Home The Week in Links The Week In Links—May 8th

The Week In Links—May 8th

Sex work blogger, activist and T&S contributor Mistress Matisse subtley tells Pastor Brown how she feels.
Sex work blogger, activist and T&S contributor Mistress Matisse subtly tells Pastor Brown how she feels. (Photo via @mistressmatisse’s Twitter feed.)

Possibly cancelled A&E reality TV show 8 Minutes reneged on its promise to help sex workers. Some argue that their lives were made worse after filming. The subsequent backlash has attracted a lot of negative press for the show; representatives from the show don’t seem to be responding to any journalists’ inquiries, including our own at T&S. The good news: the controversy highlighted the endless strength of Whore Nation.

We covered sex worker activist Jill Brenneman’s life altering experience with an unhinged, violent client here. The rest of her life is pretty fascinating, too. Read about it in this poorly written but well-intentioned piece for Salon.

Journalists frequently rely on a sexy, sinister narrative when covering sex work; such is the case with Alix Tichelman, the sex worker that abandoned her client as he overdosed on heroin.

Is anyone surprised to learn that the biggest profiteers of Kiev’s sex industry are its police officers?

Will noted whorephobe and transphobe Megan Murphy get canned from rabble.ca? Probably not, but one can dream.

The director of Shakti Samuha is concerned that Nepal will see a sharp increase in human trafficking in the chaos after the devastating earthquake.

Community groups in Vancouver have combined forces to improve their services for sex workers who would like to leave the industry. For example, they’d like programs to be longer, with more leeway for those that transition in and out of sex work.

Sex workers in Argentina cleverly campaigned for their rights by distributing fake invoices for their services.

The Capetown’s Women’s Legal Centre and sex workers’ rights organization Sisonke came together to create a guide for journalists covering sex workers in South Africa.

It’s like a healthy version of The Story of O; a woman explains what her works means as the head of a fancy hybrid dungeon and bed and breakfast, or “bed-and-dungeon.”

A high school senior writes her capstone on the decriminalization of sex work and is met with some rather unsurprising setbacks:

“My teachers and peers have had two opportunities to provide input on my topic when I presented it to them, either as a slideshow overview or as a paper outline, and I’ve been asked a very unusual question in return.

‘Will your paper be primarily supported by facts or by opinions?’

I have been asked this question both times I have invited feedback on my topic. Despite the fact that nothing in my outline or in my slideshow implied that my paper would be based on opinion rather than fact, a student and a teacher both questioned my ability to support the argument that prostitution should be decriminalized in the United States.

I’m sure neither of the people who asked me this intended to upset me, and I’m sure they had my best interests at heart. However, because of my number of outside experts and wide amount of evidence I’ve presented, this question comes across as doubt from my teachers and peers that decriminalization of sex work could be based on anything but opinion.”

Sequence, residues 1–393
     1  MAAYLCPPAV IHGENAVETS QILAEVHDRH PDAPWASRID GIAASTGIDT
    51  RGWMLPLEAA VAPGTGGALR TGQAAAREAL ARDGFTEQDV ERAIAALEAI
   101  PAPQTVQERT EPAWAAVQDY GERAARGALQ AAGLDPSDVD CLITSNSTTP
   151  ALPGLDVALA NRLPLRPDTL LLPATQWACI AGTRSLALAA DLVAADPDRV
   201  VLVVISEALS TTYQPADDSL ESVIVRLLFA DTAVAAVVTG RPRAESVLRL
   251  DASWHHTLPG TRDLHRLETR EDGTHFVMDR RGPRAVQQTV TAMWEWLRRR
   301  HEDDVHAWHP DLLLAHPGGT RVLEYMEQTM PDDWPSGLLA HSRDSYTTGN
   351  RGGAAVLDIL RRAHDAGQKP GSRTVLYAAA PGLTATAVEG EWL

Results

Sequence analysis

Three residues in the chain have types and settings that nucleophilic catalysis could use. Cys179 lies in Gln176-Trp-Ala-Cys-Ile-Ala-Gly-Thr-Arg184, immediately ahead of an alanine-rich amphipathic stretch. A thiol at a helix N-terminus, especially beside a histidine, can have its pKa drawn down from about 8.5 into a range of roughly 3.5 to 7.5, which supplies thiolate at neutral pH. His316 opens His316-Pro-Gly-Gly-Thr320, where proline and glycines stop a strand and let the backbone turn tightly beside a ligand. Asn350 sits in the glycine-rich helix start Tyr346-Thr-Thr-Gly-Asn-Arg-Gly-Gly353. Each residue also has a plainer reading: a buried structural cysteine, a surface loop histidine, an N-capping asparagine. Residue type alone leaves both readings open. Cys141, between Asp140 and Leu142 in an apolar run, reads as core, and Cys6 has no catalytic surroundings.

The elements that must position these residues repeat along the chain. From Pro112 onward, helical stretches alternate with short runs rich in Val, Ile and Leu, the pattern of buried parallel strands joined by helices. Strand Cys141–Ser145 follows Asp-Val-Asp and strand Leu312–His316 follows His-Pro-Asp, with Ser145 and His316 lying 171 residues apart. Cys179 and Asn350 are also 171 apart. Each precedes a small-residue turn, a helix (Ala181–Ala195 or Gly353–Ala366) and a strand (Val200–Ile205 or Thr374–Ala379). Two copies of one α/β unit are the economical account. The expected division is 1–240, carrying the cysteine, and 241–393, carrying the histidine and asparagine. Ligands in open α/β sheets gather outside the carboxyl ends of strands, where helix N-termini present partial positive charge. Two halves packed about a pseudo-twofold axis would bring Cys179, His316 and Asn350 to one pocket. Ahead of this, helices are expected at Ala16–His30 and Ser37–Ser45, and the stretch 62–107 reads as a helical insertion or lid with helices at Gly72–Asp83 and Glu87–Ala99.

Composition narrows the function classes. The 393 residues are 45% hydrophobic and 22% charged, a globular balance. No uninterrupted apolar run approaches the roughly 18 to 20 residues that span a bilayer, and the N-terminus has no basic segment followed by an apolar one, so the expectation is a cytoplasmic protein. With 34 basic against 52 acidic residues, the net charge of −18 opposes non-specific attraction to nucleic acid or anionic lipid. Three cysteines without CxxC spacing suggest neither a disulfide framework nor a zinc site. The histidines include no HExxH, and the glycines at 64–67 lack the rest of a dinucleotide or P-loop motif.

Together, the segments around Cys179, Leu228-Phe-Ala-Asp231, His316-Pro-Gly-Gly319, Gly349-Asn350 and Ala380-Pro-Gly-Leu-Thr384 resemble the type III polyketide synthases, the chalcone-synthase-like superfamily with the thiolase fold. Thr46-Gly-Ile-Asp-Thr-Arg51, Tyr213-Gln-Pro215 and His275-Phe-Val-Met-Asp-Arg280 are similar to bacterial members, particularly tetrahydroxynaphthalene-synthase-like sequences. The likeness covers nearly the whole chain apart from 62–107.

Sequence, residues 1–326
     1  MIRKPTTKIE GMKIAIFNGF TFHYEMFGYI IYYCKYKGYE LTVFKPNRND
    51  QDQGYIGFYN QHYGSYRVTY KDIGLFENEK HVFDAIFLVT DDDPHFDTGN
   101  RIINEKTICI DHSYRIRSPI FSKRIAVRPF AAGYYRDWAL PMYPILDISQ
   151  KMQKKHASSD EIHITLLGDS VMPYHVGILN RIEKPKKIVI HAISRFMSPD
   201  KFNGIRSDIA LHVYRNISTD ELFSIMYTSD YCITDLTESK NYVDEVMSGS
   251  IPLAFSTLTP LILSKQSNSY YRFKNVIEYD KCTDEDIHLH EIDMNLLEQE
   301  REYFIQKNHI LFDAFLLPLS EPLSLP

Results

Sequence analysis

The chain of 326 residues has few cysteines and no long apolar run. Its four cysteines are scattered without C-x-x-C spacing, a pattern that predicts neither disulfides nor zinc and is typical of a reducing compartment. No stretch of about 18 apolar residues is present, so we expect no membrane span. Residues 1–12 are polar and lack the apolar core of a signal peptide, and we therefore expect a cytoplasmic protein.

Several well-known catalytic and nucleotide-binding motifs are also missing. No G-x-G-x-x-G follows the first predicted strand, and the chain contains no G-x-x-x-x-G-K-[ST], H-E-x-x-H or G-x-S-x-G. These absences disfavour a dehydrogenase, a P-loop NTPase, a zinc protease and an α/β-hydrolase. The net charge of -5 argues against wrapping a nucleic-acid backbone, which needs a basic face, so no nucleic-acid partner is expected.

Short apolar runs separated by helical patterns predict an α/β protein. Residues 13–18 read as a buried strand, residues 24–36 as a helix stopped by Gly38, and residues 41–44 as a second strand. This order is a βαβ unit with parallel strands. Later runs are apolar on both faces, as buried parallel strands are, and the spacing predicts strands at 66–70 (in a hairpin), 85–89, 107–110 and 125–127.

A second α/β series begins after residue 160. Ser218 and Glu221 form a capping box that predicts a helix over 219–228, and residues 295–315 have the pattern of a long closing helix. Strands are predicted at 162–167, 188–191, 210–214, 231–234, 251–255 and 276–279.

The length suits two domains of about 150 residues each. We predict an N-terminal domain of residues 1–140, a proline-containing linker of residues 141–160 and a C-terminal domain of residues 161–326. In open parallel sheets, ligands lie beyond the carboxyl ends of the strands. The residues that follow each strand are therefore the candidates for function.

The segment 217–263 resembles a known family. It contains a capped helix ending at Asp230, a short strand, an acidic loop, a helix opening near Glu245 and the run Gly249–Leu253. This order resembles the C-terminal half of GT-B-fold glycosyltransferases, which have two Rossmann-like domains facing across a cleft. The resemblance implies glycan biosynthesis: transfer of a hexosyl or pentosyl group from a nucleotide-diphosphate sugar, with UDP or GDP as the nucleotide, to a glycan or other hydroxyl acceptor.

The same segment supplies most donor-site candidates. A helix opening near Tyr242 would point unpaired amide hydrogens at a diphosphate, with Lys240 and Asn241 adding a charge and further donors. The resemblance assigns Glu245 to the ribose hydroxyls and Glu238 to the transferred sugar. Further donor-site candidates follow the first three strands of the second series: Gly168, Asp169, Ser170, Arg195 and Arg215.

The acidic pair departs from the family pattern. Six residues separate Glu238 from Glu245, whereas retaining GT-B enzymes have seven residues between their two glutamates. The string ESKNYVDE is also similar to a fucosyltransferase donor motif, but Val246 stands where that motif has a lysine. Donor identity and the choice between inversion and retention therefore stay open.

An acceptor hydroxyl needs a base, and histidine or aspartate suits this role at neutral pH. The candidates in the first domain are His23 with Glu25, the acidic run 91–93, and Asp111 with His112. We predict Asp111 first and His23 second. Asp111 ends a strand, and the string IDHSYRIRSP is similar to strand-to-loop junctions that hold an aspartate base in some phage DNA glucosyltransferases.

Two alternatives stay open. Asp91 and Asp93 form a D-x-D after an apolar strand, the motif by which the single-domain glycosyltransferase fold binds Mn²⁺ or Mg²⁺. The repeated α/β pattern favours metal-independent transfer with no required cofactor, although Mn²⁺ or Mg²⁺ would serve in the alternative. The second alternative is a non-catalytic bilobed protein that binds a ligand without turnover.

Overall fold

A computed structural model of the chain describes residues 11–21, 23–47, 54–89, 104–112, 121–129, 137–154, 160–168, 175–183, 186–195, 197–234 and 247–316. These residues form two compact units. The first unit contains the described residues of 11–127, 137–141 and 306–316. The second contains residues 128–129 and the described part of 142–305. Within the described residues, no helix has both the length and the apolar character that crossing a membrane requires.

Unicorn Booty has a list of nine sex work movies worth watching, including a few which focus on male sex work. Have you seen any of them? T&S would love your reviews.

This college student learned that her boyfriend is a sex worker, proceeded to make a face similar to The Scream emojii, and then dumped him. Oh, but she turned it into a teachable moment about trafficking.

Looks like Northern Ireland wants to adopt the “progressive” policy of criminalizing clients. Read on for some hilarious yet depressing quotes from “both sides of the issue.”

Seems that since Honolulu police aren’t allowed to have sex with sex workers before arresting them anymore, they’ve decided to use another horrifying tactic—charging them with sexual assault.

Here’s a fascinating recollection of the riot at Compton’s—a trans woman lead rebellion that occurred in San Francisco three years before the Stonewall Riot in New York City.

Paypal, Wepay, Gofundme and Kickstarter are crowdfunding websites that are fundamentally useless to sex workers thanks to their discriminatory policies. Meet CumFundMe, a crowd sourcing site being launched specifically for adult industry workers.

Dutch sex worker union PROUD has filed a lawsuit against the city of Amsterdam after the city closed the window sex workers’ work spaces; they’re demanding that the work spaces stay open and that the workers be compensated for each day they can’t work. T&S covered the Amsterdam Window Protest here.

Here’s a column with two by-lines that’s written in the first person about a dude (and a lady?) who interview a sex worker in Thailand and—shock/awe!—realize that she’s, like, not totally miserable:

“I remember thinking, ‘Damn. This woman is owning her work as a sex worker, and I totally get it. But how do I reconcile this with my pro-women’s-empowerment brain?’ I mean, faced with the reality of supporting my entire family on a ninth grade education, would I really turn my back on a job that pays two to three times more than other ‘legitimate’ forms of work?”

In 2012 New York City lost a class action lawsuit, resulting in payment for roughly 22,000 city residents for being illegally charged under “loitering” laws. The remainder of those funds will be distributed to four nonprofits that serve marginalized populations, including the Urban Justice Center Sex Workers’ Project.
Aw, this op-ed in The Torch, Valparaiso University’s student newspaper, about sex work, stigma, and the conflation of sex work with trafficking, is kind of sweet and earnest.



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